DES MOINES — The state’s gas tax will increase 10 cents per gallon if Gov. Terry Branstad signs a measure approved Tuesday by state lawmakers.

The proposal, which each year would generate $200 million in new transportation funding, passed Tuesday after debate that split lawmakers in the Iowa Senate and House.

“I honestly feel like we are doing the right thing today,” said Rep. Josh Byrnes, R-Osage, who managed the House bill.

Branstad told The Associated Press he wants to review the bill but indicated he was "very likely" to sign it into law.

If the governor approves the measure, it will go into effect on the first day of the ensuing month.

The governor has three days to consider the bill once it reaches his desk, which legislative officials said should happen late Tuesday or early Wednesday.

The state is considering the gas tax increase as a means to cover its estimated $215 million annual shortfall for repair and construction projects on roads and bridges.

The 10-cent gas tax increase would generate $204 million in the next fiscal year and would decline slightly and gradually each year to $195 million in fiscal 2020.

Supporters say the gas tax represents the best way to increase transportation funding because it can be spent only on road projects and is paid for by those who use the roads.

“This is a bill that’s had broad support from four caucuses and the governor’s office,” said Sen. Tod Bowman, D-Maquoketa, who managed the Senate bill. “And it focuses on three core components … it’s a fiscally responsible, pay-as-you go system. You get as much bang for your dollars as you can. The revenue is constitutionally protected for road use. It’s a user fee concept. Those who use the road, including our out-of-state drivers, help pay for the roads.”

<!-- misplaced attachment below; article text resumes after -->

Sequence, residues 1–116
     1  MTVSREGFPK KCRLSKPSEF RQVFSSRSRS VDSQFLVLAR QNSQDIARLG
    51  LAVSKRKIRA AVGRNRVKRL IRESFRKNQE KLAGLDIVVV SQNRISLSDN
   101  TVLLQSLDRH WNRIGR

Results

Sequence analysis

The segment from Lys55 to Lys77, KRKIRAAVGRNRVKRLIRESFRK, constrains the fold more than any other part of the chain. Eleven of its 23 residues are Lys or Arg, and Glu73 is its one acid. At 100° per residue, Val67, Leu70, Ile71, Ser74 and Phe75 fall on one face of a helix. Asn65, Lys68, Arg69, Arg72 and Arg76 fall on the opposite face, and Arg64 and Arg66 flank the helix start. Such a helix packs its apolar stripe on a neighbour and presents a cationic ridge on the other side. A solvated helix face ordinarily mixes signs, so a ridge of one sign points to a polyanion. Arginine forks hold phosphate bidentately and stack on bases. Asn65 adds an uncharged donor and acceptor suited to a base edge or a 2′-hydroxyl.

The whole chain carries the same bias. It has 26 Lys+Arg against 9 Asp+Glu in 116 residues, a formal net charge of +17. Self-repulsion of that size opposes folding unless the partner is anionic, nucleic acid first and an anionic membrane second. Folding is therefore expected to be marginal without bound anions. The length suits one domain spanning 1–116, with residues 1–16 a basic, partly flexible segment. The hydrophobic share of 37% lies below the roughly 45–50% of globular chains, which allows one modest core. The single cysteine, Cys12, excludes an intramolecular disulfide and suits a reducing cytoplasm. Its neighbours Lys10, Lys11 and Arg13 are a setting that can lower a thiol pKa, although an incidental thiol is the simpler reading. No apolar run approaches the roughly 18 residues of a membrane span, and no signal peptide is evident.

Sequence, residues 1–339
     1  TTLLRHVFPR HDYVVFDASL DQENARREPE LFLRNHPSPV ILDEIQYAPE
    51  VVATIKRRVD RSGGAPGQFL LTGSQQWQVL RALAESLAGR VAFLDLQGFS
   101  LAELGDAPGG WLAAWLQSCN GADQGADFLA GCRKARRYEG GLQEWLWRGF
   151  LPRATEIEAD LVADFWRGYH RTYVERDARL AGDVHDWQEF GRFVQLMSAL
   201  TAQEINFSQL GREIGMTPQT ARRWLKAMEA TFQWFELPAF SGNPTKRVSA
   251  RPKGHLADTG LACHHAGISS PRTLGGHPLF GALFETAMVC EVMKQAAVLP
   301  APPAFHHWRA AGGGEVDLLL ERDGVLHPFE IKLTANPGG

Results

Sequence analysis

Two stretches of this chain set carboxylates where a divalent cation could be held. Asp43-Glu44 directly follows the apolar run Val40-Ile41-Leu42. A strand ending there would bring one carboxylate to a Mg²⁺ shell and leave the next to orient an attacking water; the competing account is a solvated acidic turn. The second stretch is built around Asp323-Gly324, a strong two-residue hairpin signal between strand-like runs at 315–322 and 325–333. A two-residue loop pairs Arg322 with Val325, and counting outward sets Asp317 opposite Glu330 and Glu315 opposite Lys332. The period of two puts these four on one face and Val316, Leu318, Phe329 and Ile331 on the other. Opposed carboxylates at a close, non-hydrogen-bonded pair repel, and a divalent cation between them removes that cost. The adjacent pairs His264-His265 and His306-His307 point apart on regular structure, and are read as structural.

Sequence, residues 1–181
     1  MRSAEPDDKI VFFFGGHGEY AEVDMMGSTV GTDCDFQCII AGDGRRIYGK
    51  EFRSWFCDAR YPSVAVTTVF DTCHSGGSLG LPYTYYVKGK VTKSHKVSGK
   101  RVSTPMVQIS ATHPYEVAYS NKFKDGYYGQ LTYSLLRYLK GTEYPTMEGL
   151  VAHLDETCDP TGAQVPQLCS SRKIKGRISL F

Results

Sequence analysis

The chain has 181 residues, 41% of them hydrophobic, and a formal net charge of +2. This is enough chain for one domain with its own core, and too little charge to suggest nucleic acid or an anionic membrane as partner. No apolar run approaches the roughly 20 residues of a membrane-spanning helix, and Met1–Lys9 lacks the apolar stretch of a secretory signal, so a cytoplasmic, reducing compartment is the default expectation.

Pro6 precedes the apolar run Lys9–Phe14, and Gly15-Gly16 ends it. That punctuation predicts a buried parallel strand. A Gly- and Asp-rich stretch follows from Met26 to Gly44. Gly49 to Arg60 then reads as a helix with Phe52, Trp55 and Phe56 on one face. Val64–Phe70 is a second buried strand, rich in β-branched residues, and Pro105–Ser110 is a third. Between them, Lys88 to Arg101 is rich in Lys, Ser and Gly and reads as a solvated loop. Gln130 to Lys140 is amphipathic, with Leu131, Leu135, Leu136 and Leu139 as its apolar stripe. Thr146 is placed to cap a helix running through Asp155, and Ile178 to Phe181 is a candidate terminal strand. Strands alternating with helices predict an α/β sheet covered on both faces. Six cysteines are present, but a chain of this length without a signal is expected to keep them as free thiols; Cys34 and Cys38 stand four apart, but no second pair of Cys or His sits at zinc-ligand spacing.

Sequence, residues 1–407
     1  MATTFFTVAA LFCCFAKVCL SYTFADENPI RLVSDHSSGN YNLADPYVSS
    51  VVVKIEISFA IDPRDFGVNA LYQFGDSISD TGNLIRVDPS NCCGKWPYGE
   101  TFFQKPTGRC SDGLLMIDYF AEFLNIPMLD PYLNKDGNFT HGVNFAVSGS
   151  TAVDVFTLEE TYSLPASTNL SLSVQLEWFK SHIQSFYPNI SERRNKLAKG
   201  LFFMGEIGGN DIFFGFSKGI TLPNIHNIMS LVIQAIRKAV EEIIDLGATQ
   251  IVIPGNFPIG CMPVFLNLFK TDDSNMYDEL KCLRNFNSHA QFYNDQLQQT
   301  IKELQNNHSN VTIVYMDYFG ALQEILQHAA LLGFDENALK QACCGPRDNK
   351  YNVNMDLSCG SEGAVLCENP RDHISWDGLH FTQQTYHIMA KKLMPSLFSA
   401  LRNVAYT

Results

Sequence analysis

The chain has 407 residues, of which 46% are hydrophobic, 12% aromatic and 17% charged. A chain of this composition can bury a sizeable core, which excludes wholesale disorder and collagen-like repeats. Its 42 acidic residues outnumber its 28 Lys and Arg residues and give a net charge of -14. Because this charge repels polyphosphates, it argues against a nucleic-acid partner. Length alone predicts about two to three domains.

Critics decried the tax increase and the manner in which transportation funds are divided and said the state should find the extra funding in other areas of the budget. Some also were critical of the speed and manner in which the proposal was passed through the legislative process last week.

“With the passage of this bill, what we are communicating to the everyday, hard-working taxpayers of Iowa, whether we intend to or not, is that the money (taxes) that we collect from them on a daily basis is just not enough. What we are essentially saying is that in the billions of dollars that we spend every year on behalf of Iowans, there’s no waste, there’s no excess, there’s no fat in our budgets,” said Rep. Greg Heartsill, R-Columbia. “I, for one, am not willing to accept that.”

Among Quad-City area lawmakers, Rep. Jim Lykam, D-Davenport, said boosting the gas tax would prevent more of the cost of infrastructure upgrades from falling onto property taxes.

"It was the only option I heard that was fair," he said.

Sen. Roby Smith, R-Davenport, voted against the gas tax increase.

"I did not campaign on raising taxes," he said.

Smith said the state's general fund should have been tapped for the money instead.

Figures from the state transportation department estimated the increase will mean nearly $3.2 million more in fiscal year 2016 for municipal and county governments in Scott County.

The governor and legislative leaders from both parties met multiple times early this session and agreed on the 10-cent gas tax increase. Because of the political ramifications that can come with endorsing a tax increase, those leaders said they would present the measure only if it had strong bipartisan support from both parties in both chambers.

On Tuesday, the proposal passed the Senate 28-21, and the House 53-46.

In the Senate, 16 of 26 Democrats and 12 of 23 Republicans voted for the increase. Senate Democratic leaders said they thought the 12 Republican votes were sufficient to show bipartisan support.

In the House, 23 of 43 Democrats and 30 of 56 Republicans supported the proposal.

(Times reporter Ed Tibbetts contributed to this article)